When it comes to how energy companies treat one another, a change is in the wind. Energy companies have become more willing than ever to instigate adversarial proceedings in order to recoup damages, even against fellow industry members. The trend is partially facilitated by an increasing reliance on alternative dispute resolution (ADR), including, for example, arbitration procedures incorporating expedited schedules. The numerous mergers and acquisitions among industry members have also contributed to this change in industry culture.
Historically, energy companies have been the prime targets of litigation initiated by both private and governmental entities. Increasingly, however, energy companies are pursuing legal action against one another to protect a perceived right and often to recover monetary damages. Specifically, proceedings are increasingly initiated to address disputes over purchase and sale agreements of oil and gas producing properties or other assets, well-service agreements, rig contract disputes, joint operating agreements, production sharing agreements, construction contracts, plant processing agreements, and pipeline transportation agreements, just to name a few.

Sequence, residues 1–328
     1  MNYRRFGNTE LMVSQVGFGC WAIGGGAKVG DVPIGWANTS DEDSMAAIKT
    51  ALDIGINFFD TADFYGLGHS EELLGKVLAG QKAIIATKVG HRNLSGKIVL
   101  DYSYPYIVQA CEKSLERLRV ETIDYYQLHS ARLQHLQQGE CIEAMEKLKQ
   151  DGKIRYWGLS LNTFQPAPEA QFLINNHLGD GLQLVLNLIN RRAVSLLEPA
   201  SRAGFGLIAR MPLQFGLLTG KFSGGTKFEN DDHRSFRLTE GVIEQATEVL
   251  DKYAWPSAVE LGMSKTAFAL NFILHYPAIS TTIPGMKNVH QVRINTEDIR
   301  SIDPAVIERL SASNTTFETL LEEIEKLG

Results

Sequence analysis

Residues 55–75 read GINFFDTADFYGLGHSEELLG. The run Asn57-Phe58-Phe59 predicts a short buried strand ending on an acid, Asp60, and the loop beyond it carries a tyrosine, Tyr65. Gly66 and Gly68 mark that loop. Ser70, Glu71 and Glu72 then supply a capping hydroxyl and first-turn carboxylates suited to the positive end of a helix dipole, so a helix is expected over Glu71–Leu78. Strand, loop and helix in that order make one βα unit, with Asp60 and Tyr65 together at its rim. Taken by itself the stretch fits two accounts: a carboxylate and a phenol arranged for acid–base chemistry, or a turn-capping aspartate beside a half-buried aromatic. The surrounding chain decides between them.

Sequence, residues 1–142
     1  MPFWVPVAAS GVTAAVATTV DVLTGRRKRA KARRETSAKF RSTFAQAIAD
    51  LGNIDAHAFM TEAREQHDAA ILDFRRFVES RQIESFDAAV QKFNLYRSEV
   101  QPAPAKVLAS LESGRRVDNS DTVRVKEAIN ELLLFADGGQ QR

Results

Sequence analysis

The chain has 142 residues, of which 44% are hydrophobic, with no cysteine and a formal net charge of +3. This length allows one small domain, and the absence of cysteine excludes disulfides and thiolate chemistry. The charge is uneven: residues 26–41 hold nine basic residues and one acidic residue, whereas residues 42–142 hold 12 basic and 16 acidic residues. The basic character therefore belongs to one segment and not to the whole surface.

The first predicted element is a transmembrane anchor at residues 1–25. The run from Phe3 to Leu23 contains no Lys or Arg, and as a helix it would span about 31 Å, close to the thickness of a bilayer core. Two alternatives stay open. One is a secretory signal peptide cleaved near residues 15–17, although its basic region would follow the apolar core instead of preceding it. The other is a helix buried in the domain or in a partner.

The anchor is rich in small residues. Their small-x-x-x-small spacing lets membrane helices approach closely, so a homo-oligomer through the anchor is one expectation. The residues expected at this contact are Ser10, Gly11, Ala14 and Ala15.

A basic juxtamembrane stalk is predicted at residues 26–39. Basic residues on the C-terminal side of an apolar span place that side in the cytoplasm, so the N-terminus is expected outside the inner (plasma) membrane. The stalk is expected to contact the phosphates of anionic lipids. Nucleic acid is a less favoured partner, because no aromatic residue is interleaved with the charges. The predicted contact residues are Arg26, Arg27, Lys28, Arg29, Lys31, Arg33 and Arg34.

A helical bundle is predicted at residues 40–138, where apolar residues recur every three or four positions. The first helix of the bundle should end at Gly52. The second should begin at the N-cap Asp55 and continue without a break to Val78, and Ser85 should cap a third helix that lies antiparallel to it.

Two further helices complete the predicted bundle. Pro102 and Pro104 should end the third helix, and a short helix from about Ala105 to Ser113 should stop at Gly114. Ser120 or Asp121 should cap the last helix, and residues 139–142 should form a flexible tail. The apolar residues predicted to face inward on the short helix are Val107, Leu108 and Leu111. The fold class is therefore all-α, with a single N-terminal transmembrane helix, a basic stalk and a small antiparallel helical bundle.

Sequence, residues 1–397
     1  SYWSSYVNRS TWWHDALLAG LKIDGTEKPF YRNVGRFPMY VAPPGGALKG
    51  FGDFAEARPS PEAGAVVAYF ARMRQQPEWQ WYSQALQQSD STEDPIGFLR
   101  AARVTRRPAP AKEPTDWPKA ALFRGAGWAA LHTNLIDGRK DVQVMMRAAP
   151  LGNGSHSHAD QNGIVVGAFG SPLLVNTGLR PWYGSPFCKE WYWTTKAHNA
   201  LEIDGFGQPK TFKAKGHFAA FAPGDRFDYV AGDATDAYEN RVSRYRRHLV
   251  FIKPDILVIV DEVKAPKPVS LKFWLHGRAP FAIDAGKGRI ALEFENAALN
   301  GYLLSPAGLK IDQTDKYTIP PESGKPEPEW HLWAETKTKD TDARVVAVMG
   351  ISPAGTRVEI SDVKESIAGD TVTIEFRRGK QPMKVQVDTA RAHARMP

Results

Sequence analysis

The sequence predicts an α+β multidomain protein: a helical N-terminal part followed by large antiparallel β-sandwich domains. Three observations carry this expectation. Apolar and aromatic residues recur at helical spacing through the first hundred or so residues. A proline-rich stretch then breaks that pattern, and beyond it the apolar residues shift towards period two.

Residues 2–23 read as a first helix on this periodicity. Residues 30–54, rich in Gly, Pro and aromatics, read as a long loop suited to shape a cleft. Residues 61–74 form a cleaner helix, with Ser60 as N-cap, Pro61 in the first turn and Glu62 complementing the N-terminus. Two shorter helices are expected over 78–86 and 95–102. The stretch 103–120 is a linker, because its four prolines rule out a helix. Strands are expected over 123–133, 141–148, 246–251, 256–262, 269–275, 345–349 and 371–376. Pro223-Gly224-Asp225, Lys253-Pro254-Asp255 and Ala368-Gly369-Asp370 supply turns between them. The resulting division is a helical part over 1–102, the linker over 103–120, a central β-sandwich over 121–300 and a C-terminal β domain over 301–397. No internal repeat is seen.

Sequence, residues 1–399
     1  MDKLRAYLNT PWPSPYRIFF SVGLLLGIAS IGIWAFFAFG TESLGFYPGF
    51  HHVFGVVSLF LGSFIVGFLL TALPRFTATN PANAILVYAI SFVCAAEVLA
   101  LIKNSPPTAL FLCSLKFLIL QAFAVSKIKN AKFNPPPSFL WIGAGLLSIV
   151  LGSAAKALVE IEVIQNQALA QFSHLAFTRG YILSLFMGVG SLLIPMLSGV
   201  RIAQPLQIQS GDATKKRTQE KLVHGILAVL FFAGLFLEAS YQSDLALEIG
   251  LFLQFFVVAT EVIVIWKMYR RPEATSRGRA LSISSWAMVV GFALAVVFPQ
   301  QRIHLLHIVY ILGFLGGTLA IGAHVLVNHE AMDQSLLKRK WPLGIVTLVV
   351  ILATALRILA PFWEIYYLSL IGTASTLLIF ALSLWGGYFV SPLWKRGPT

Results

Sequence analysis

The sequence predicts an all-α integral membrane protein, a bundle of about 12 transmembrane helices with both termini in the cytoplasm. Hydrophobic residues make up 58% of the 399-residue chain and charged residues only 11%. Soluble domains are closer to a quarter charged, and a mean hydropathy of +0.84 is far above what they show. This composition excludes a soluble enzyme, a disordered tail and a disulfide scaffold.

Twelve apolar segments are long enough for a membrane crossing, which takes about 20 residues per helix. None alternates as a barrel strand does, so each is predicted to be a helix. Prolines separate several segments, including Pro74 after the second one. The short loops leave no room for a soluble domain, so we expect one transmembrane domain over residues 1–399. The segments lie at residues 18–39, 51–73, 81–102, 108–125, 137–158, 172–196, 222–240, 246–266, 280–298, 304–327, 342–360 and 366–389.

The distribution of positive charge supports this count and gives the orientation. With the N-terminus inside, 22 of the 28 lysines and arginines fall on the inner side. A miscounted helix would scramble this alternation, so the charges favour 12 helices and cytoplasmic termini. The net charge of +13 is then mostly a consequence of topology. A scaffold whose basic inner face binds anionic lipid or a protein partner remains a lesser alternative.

Two reasons for this trend stand out, one cultural and the other procedural. Culturally, the energy industry has undergone tremendous change at least in part a result of mergers and acquisitions, and related spin-offs. This corporate evolution within the industry has been accompanied by changing business strategies and a much more migratory management, including frequent changes within in-house legal departments and business unit upper management. Within this increasingly dynamic landscape, industry members are less politically inhibited from pursuing business disputes beyond informal negotiation – all the way to intra-industry adversarial proceedings.
Procedural developments have also facilitated the rise in legal confrontations by eliminating or at least minimizing perceived inefficiencies associated with traditional litigation. This reluctance to engage in traditional litigation is understandable, based in part on the protracted nature of trials and appeals, expense, distraction from business objectives, uncertainty of the outcome (especially when before a jury), risk of losing confidentiality of proprietary information, damage to otherwise valuable business relationships, and potential for negative public relations. The increasing availability and acceptance of various forms of ADR (referred to by some as "appropriate dispute resolution" or "complementary dispute resolution") has provided business unit managers and in-house counsel with an attractive and sometimes fitting procedure to pursue disputes in a procedure that may even be binding, yet avoids many of the perceived dangers of a trial.
There are many different forms of ADR, including, but not limited to, fact-finding non-binding mediation (largely used in the labor-management context), conciliation, mini-trials and summary jury trials, arbitration, and other mixed processes that seek to couple various approaches, such as a mediation or arbitration.